Gardening with Laurie: Plan your garden for maximum output
By By Laurie Garretson
Jan. 30, 2014 at midnight
Updated Jan. 29, 2014 at 7:30 p.m.
Well, here we are again: vegetable garden planning time. Of all the different facets of gardening, growing a vegetable garden has to be one of the most popular. The past few years have definitely seen an incredible increase in the number of home vegetable gardens.
Non-genetically modified and heirloom seeds are selling like never before. The public is fed up with not knowing what's in the foods it buys from grocery stores.
People want to know that what they feed their families is healthy and nutritious and does not contain any unknown organisms. People want to know that the food they feed their families is all from nature and not from some scientist's test tube.
It is so enjoyable talking with new gardeners, especially about starting their first vegetable garden. They are excited and anxious to get their hands in the soil but usually don't have a clue as to where they should start.
Most first head to the colorful seed racks. New and old gardeners alike can easily become preoccupied with all the different varieties of tomatoes, green beans, broccoli and all other vegetables they want to try growing.
Deciding on the right varieties to plant is an important part of gardening. But, as I remind all first-time gardeners, first things first.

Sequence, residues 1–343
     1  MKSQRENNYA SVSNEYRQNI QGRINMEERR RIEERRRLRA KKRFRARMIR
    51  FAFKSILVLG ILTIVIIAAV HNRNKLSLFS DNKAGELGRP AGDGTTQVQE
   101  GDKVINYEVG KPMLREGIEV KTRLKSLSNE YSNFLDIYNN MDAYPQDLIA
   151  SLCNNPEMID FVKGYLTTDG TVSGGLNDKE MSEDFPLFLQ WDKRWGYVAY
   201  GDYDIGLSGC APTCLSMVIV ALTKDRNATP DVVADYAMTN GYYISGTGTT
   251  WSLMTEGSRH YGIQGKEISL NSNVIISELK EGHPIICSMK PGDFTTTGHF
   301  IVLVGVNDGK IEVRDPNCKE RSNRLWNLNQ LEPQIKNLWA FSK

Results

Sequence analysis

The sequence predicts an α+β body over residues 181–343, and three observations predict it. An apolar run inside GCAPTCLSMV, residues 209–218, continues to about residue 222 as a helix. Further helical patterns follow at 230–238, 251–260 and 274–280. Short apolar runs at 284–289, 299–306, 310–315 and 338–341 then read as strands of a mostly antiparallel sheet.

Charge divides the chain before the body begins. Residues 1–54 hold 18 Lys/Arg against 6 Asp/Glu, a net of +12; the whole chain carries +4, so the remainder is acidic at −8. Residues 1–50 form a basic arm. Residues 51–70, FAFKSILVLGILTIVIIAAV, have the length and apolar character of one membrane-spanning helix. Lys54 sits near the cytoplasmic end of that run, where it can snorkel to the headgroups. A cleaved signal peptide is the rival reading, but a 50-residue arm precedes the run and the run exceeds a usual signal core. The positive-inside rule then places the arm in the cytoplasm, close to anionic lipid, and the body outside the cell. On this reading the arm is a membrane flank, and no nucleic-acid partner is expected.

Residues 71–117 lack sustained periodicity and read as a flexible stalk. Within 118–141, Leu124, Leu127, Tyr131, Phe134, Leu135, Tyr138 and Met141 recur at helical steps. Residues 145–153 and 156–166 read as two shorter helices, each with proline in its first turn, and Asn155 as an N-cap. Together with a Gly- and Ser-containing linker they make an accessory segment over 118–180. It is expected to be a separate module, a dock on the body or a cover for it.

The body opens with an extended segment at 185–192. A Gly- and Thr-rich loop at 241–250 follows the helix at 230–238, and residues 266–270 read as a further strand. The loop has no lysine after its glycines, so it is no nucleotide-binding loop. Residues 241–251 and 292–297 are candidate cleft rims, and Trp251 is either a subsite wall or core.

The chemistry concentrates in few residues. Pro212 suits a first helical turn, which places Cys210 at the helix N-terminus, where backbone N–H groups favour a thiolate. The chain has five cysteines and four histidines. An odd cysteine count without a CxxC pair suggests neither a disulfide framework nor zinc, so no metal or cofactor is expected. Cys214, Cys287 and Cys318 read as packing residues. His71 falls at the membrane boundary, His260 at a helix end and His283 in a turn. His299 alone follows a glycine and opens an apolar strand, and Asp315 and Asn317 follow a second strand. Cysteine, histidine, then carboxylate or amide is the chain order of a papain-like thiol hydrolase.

One of the most important parts of gardening has to be preparing a healthy soil. New gardeners don't seem to think much about their soil's condition. After all, dirt is dirt - what's the big deal?
Dirt is everywhere; you dig a hole, drop in a seed, give it some water and wait for your first harvest, right?
Well, not exactly. Organic gardening is basically all about putting the valuable microbial life back into the soil that has been stripped from it.
I make the comparison to the forest floor where leaves, bugs, twigs and all sorts of living things have decomposed for many many years. The forest floor is full of life. It's like a living sponge that can easily soak up nutrients, oxygen and moisture.
To grow strong, healthy plants, you mimic nature. You start with a healthy soil. Start composting leaves, grass clippings and all your kitchen waste - except for bones and meat.
Until you've made enough of your own compost, purchase a good-quality local compost and incorporate it into your soil along with your choice of organic granular fertilizer. These additives will encourage all sorts of beneficial life - microorganisms and earthworms - into your garden.
Once you have your compost and fertilizer worked into your garden soil and you have time to wait before doing any planting, I'd recommend letting it rest for a few weeks.
This gives the soil, compost and fertilizer time to marinate. Then you will be ready to start planting all those wonderful seeds you bought.
Until next time, let's all try to garden with nature, not against it, and maybe all our weeds will become wildflowers.
Laurie Garretson is a Victoria gardener and nursery owner. Send your gardening questions to firstname.lastname@example.org or in care of the Advocate, P.O. Box 1518, Victoria, TX 77902.